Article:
Biologists surveying carnivore populations in snow-covered regions often have a hard time differentiating between the tracks of similar species. By analyzing track characteristics and snow measurements, a recent study focused on fishers (Pekania pennanti) and American martens (Martes americana) in Wisconsin has identified a quantitative way to determine which species and sex left a particular track.
“If you quantify track characteristics, you can differentiate martens from fishers,” said Nicholas McCann, first author on the paper published in the April issue of the Wildlife Society Bulletin. “If you add snow measurements to your analysis, you can parse out the different sexes of the different species.”
McCann and his fellow researchers trapped fishers and martens in the wintertime between 2008 and 2010 in the Chequamegon-Nicolet National Forest in north-central Wisconsin. After putting VHF collars on them, the scientists followed the animals and took measurements of their tracks and the surrounding snow. Then the researchers evaluated the data to figure out which track and snow characteristics were most indicative of the two species and sexes.
Fishers are larger than martens, and males are larger than females in both species, said McCann, a wildlife biologist with Wisconsin’s Great Lakes Indian Fish and Wildlife Commission. However, female fishers and male martens are more similar in size, he said, which makes telling their tracks apart particularly difficult.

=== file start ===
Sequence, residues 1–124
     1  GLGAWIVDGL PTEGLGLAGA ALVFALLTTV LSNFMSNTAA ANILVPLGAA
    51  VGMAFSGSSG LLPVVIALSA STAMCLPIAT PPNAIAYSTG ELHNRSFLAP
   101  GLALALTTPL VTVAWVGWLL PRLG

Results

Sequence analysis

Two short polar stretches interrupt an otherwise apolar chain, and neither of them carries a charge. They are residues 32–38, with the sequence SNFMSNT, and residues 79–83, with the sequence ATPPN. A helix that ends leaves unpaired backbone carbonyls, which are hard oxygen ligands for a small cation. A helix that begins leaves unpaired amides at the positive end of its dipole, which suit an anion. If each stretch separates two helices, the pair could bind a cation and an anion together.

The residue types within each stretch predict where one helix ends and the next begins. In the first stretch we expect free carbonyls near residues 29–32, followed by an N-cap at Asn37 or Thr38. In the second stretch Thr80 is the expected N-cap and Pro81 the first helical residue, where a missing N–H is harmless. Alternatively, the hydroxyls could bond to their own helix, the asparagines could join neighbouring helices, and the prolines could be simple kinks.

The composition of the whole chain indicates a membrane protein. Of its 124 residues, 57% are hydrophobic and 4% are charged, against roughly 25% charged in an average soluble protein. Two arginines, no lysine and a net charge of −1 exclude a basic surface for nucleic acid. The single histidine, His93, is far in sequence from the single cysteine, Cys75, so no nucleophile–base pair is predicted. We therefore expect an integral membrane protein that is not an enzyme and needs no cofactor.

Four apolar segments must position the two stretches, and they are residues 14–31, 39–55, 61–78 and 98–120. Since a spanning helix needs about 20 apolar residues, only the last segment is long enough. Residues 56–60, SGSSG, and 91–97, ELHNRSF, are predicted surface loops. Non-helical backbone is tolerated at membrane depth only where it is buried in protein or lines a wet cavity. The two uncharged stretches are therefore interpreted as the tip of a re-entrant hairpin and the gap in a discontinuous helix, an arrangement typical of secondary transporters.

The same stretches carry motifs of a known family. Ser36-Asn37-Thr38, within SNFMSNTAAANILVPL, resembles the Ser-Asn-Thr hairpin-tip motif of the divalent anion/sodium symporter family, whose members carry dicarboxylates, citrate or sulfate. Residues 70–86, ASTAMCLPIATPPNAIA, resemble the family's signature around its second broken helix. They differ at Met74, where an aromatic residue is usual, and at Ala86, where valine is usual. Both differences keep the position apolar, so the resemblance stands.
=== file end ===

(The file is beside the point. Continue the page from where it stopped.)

Assessing track depth and width and the distance between tracks, McCann’s team was able to identify whether a track belonged to a fisher or marten, a male or female. The analysis became more robust if it incorporated measures of snow depth and compaction and the powdery snow on the icy crust that forms on the ground in winter, which fishers can break through but martens often can’t, he said.
“Quantifying track dimensions and adding in snow depth and compaction measurements would help us know which species and sex we’re looking at,” McCann said.
This new technique could enhance fisher and marten tracking in snowy areas where their ranges overlap, he said, and improve population surveys based on their tracks.
“By having more information about how these tracks differ and methods by which we can more confidently distinguish martens and fishers, we’ll have better information when we’re making decisions about how to manage populations,” McCann said.
This could especially benefit the marten, the only state-endangered mammal, he said, which faces ongoing threats from predation, intensifying logging and waning winters.
Combining track dimensions and snow measurements quantitatively could also help differentiate between other carnivores, such as Canada lynx (Lynx canadensis) and mountain lions (Puma concolor), more easily and accurately, McCann said.